It will be an interesting offseason for the Sox. They’re looking at another top ten, maybe even top five pick, next year. But the minor league system, which has ever so slowly been rebuilt, will also start yielding returns (in fact, it’s already begun). They’ll add a young player or two when Samardzija is dealt. Competing in 2016 seems like a stretch still, but 2017? Who knows? And if you may in fact be competing for the AL Central in 2017, why trade Sale in 2015?

Baseball is a weird game, filled with a ton of randomness. Things went really horribly for the Sox in 2015, doesn’t mean they’ll get some luck in 2017 or 2018.

Most Interesting Things I’ve Read this Week:
An Incredibly Detailed Map of Europe's Population Shifts (City Lab): A very cool map and interesting overview of population changes in Europe over the last decade.

John Stuart Mill in On Liberty drew an important distinction between what he called “self-regarding acts” and “other-regarding acts.” The former involves doing things to yourself that don’t harm other people, though they may be self-destructive. The latter involves doing things that do harm other people. He thought that government had no business with the former (and hence—his example—the English had no business concerning themselves with polygamy in Utah, though they hated it). Unless it can be shown that same-sex marriage harms people who are not gay (or who are gay but don’t want to marry), there is no compelling reason for state intervention, and specifically for banning same-sex marriage. The dissenters in Obergefell missed this rather obvious point.

Pretty good take down of Roberts and Alito’s logic failures by Posner.

What's certain, though, is that it is yet another moment during this crisis when decision-makers (both Greek and European) have shifted the burden caused by their own failings to the Greek people, who have put up with the economic collapse and tough fiscal measures over the last few years but deserved much better – from all sides.

The entire Greece situation has been a cluster youknowwhat for years. They spend years trying to figure out who was going to take the hit, finally coming to a deal in 2012 that got the banks out of the discussions. But that only bought everyone time, and boy oh boy did things change in January when Syriza came to power. And now we’re here, possibly looking at the end of the EU. There’s lots of blame to go around. But if the EU isn’t willing to save a member country… well it never had a chance. Lots can change, but boy oh boy (twice in a graph!) there seems to be far too much short term thinking going on here.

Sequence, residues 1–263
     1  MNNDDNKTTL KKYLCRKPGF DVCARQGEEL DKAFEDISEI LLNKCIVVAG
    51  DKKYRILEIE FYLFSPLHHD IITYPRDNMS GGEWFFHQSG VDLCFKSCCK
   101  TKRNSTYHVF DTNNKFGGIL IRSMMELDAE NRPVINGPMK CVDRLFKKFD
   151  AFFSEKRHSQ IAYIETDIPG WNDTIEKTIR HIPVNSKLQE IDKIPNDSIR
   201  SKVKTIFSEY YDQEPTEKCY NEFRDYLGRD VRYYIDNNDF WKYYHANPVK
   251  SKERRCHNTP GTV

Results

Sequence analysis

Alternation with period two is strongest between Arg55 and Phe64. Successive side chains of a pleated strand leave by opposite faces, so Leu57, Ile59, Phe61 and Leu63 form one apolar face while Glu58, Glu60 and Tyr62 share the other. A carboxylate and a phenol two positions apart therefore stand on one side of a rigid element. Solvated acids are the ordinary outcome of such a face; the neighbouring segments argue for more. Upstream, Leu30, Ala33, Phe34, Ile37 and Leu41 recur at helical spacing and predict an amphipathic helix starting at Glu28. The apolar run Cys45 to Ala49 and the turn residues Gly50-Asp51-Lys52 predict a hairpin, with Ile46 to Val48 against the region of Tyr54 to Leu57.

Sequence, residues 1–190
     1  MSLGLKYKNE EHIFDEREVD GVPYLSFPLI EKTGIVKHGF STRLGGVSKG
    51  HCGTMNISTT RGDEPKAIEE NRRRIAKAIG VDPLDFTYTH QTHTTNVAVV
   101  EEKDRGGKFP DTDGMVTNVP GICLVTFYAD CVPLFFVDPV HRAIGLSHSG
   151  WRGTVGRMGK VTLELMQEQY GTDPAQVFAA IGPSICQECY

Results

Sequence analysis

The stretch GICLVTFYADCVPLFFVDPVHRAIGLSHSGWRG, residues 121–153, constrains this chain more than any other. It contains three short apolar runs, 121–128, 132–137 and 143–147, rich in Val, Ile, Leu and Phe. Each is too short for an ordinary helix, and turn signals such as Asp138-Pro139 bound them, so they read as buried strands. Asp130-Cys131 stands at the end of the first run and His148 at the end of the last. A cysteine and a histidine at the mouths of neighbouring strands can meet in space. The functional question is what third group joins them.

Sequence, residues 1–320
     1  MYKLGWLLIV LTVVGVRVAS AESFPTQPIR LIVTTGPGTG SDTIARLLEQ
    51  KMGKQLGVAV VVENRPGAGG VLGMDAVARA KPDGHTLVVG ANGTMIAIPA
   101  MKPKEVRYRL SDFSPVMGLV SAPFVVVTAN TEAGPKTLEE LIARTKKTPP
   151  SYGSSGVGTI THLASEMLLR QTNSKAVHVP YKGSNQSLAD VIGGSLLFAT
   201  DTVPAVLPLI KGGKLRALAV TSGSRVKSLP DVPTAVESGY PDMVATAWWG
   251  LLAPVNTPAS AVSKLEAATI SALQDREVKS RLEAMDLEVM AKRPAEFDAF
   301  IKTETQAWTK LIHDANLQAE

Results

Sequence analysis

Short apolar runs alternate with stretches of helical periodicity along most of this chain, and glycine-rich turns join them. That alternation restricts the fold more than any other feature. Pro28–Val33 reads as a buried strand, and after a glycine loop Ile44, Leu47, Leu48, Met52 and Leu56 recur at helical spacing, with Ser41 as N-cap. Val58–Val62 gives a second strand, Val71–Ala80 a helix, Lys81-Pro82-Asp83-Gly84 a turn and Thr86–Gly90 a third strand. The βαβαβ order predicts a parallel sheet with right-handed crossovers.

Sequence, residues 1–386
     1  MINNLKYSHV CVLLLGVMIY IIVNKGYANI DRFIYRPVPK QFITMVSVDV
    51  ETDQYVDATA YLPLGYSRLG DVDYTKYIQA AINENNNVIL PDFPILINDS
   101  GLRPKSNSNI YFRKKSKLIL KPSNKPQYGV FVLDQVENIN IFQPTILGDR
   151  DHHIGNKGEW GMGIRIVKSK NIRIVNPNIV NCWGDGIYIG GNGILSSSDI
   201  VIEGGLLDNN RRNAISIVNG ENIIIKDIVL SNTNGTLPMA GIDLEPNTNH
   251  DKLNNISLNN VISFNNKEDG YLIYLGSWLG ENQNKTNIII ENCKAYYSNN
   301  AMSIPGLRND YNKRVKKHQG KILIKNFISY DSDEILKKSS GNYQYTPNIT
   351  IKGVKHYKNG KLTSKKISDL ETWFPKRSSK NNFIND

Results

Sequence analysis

Week 11: Time to Think about the Future

While some might argue that the Sox are drifting ever so slowly out of contention, let me be the bearer of bad news: the 2015 season is over. To get to 90 wins, the Sox need to play .638 baseball from here on out. That’s not happening. And even if you to argue, “the AL stinks! 86 wins could easily get you into the playoffs” well that means the Sox would have to play .596 baseball from here on out… that’s 96 win pace over 162 games.

It ain’t happening.

So it’s time to focus on 2016. I’m not in the trade/fire everyone mindset. Robin’s gotta go, but what’s the point of firing him right now? And selling low on guys like Melky makes no sense.

But the Sox can start taking a look at guys that may, or may not, be part of the future plans. While we know Tim Anderson is the shortstop of the future, he’s still in AA and developing. There’s little reason to give him burn in the majors (where he’d probably fail). The same is true of anyone who is around 22 or younger… let them to continue to develop in the minors. No need to rush them right now, even if they have a shot of cracking the 2016 lineup. That’s what September is for after all.